The court also dismissed Murco’s fallback argument that the delivery provision was in fact a laytime provision concerned only with the arrival time of the vessel. The authority Murco relied upon (The Luxmar) could be distinguished primarily because there was no need to narrow the time for delivery in this case. The parties clearly agreed to a three-day delivery period.
Quantum – assessment of damages
One of the reasons time is critical in this trade is because the sale price is often based on a market index price at some future date linked to delivery. This commercial reliance on time is not only reflected by the strict delivery obligations as seen above, but also in the method for assessment of damages for breach of those obligations.
The measure of damages for breach of a sale contract can be simply put as the difference between the contract value of the cargo and the market value of that cargo at the time of breach. At the heart of this dispute was a debate about how the court should determine the market value for this deal:
(i) Murco argued that the market price should be determined by taking the mean price across a spread of days. The company argued that this is the method used by oil traders when pricing their deals. As such, the assessment of damages should be based on a similar method.
(ii) Galaxy argued that damages should be assessed on the date of breach. There is a market price index, Platts, referred to in the contract. This index gives daily prices. The company argued that it is possible and appropriate to use the Platts price on the relevant day of breach to assess the market value.
It will not come as a surprise that the market price spiked on the date of breach and the mean price across a few days was lower.
The court was assisted by experts retained by each party. However, whilst the expert evidence was useful in understanding how traders priced their deals, the decision did not turn on expert evidence.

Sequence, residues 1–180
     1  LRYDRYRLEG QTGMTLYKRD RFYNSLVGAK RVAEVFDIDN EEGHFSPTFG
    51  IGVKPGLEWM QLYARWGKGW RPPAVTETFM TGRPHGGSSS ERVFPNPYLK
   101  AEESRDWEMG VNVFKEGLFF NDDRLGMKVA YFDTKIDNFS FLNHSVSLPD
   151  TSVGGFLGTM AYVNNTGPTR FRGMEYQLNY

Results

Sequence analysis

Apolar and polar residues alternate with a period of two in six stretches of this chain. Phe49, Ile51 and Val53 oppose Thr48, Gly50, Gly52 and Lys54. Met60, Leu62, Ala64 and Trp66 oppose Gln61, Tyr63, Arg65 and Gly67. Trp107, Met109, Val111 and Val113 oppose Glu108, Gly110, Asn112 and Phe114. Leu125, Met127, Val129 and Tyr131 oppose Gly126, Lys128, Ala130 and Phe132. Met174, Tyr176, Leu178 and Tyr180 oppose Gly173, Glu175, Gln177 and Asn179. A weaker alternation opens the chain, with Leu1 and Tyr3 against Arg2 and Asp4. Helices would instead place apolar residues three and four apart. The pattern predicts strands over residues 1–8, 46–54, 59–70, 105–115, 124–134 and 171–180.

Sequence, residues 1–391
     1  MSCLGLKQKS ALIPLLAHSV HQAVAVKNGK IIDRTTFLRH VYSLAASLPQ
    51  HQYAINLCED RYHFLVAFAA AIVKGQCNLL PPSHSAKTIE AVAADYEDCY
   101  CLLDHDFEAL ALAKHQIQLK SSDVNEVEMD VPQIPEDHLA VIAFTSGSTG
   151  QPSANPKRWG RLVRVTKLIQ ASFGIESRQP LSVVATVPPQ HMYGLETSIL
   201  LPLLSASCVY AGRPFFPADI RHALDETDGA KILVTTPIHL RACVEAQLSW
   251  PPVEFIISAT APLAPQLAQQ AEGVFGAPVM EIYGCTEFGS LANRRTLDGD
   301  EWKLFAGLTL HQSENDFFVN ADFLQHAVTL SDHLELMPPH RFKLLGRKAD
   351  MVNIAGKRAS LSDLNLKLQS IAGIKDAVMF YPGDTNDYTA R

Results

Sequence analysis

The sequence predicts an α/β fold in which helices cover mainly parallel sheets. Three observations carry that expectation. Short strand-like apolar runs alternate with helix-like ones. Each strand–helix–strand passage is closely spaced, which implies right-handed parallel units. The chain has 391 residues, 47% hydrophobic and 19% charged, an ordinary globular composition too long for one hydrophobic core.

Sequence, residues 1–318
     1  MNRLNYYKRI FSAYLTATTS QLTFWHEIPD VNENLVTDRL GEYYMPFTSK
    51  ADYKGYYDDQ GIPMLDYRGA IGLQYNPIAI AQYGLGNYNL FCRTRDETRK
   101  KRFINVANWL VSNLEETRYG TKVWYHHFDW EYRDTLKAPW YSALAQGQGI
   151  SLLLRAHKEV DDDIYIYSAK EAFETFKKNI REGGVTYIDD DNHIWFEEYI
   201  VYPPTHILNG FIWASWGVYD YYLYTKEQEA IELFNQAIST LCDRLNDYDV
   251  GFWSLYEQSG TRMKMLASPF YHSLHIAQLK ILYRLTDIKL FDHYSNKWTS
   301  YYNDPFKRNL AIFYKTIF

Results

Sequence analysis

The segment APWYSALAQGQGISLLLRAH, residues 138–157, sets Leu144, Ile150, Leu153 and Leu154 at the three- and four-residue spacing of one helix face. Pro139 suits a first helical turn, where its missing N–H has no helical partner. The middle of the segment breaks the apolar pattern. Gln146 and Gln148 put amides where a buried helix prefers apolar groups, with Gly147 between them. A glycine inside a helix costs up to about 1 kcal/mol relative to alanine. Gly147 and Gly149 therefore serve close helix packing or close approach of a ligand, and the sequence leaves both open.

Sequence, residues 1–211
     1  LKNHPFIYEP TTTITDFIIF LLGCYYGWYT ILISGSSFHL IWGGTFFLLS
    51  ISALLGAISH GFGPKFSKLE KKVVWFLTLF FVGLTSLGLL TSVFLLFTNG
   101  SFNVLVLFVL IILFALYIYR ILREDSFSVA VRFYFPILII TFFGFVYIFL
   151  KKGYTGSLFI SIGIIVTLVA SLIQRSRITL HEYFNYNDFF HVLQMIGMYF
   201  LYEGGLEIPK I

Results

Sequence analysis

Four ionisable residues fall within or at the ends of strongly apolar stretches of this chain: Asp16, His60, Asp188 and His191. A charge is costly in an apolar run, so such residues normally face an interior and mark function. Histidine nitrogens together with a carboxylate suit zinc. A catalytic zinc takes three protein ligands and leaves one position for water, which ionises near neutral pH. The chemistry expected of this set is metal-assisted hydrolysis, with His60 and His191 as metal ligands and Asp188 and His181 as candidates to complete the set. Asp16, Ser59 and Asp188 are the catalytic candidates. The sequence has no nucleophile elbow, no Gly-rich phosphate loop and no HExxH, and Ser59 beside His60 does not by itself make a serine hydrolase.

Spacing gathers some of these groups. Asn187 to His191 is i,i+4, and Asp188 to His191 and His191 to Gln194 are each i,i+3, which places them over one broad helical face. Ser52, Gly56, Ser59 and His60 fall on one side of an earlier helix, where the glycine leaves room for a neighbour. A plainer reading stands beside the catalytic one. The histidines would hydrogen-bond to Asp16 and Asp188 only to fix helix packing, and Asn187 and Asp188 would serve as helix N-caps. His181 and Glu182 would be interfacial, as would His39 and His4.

The court preferred Murco’s suggested method for ascertaining the true market price. Platts is not a market or an exchange, although it may well be the best evidence of the market. Nonetheless, traders in the market are much more likely to price their deals on a spread of days, rather than a quoted figure on any one-off day. In this deal, Galaxy and Murco had used a spread of three days. That was deemed an appropriate measure for this case. In short, the court adopted the assessment that reflected the commercial reality.
Murco was not allowed to introduce new quantum arguments at trial, without having amended its pleadings. It seemed that the court was not convinced by the no-loss and hedging argument presented in any event.
The upshot of this decision is that the court preferred the commercial approach to assessing the market value of the cargo, rather than any overly legalistic or artificial approach. This will be welcomed by the trade. It also has wider implications than the oil trade, as commodity traders in other fields will take note that a court’s assessment of damages in default cases can be based on the peculiarities of pricing cargo in respective fields.
Having said this, in essence, the key test remains: what is the actual market value?
Luke Zadkovich is an associate at Holman Fenwick Willan